When the mouse buttons are swapped in the OS, do the mouse click event handlers still work correctly with respect to which button was clicked?

Question

Working in IT, I occasionally encounter users who are left-handed and prefer to use the mouse with their left hand, and often they switch the mouse buttons so the right button becomes the "primary" instead of the left button.

Here's what this configuration looks like in Windows:

enter image description here

How does this affect .NET applications (e.g. WPF, Winforms, etc.) which have code that relies on specific mouse buttons?

With the WPF PreviewMouseDown event, for example, MouseButtonEventArgs has a ChangedButton property which yields a MouseButton enum value. The description for Left is "The left mouse button." There is nothing said about "primary" or "secondary" buttons.

Similarly for the Winforms MouseClick event, there is MouseEventArgs with its Button property yielding a MouseButtons enum; the description for Left is simply "The left mouse button was pressed.", and again there is no mention of "standard" or "secondary" buttons.

In fact, all of the documentation I've seen related to the mouse and its buttons simply refer to the buttons by their location on a standard mouse setup. None of the documentation refers to "primary" or "secondary" mouse buttons.

Does the .NET framework adapt appropriately to changes in the OS' button configuration? Or will the following WPF and Winforms code break?

WPF:

void MainWindow_PreviewMouseDown(object sender, MouseButtonEventArgs e)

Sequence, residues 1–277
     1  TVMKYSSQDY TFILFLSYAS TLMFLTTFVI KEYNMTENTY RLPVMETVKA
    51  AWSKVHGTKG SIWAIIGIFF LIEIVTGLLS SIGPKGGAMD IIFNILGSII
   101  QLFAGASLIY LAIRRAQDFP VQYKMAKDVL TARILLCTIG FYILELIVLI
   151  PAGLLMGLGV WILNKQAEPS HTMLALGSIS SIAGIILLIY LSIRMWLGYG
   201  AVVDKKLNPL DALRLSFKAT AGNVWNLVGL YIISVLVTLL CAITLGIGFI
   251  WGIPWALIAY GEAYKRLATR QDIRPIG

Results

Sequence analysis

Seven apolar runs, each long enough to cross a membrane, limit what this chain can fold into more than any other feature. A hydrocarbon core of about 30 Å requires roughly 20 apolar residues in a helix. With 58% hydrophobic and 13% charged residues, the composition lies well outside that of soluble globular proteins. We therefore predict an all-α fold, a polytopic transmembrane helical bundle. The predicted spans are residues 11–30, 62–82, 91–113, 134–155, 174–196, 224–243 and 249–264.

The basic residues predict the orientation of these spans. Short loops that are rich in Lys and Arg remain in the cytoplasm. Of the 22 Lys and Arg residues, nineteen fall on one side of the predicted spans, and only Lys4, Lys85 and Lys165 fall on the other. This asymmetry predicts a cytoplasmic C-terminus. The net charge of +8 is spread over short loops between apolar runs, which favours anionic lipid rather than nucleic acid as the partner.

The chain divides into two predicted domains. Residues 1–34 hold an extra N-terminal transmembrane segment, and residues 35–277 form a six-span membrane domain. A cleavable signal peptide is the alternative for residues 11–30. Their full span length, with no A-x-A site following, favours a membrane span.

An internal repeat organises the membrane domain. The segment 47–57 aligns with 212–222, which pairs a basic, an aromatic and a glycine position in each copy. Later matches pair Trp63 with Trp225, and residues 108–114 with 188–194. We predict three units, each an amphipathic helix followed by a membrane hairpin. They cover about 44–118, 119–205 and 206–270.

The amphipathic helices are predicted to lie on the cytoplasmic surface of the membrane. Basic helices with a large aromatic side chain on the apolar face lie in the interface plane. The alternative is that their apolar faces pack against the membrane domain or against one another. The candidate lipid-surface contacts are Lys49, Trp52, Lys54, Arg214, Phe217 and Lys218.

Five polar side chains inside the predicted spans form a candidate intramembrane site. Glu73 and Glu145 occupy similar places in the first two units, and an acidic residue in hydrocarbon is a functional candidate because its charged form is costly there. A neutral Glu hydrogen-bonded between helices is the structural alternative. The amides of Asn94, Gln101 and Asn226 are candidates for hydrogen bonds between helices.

{
    if (e.ChangedButton == MouseButton.Left)
    {
        // do something where the "standard" mouse 
        // button must be the one that was clicked.
    }
}

Winforms:

private void MainForm_MouseClick(object sender, MouseEventArgs e)
{
    if (e.Button == System.Windows.Forms.MouseButtons.Left)
    {
        // do something where the "standard" mouse 
        // button must be the one that was clicked.
    }
}

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| c#   | wpf   | .net   | mouseevent   | winforms   2016-11-17 15:11 1 Answers

Answers ( 1 )

  1. 2016-11-17 15:11

    By running a couple tests, I've determined that .NET is smart enough to recognize that the buttons have been swapped.

    For instance, in both of the following tests with WPF and Winforms, after switching the mouse buttons in Windows, I clicked the physical "right" mouse button, but the event responded by indicating that the "left" mouse button was used:

    WPF:

    enter image description here

    Winforms:

    enter image description here

    Therefore, despite the lack of documentation by Microsoft, Left actually refers to the "standard" mouse button and Right refers to the "secondary" mouse button.

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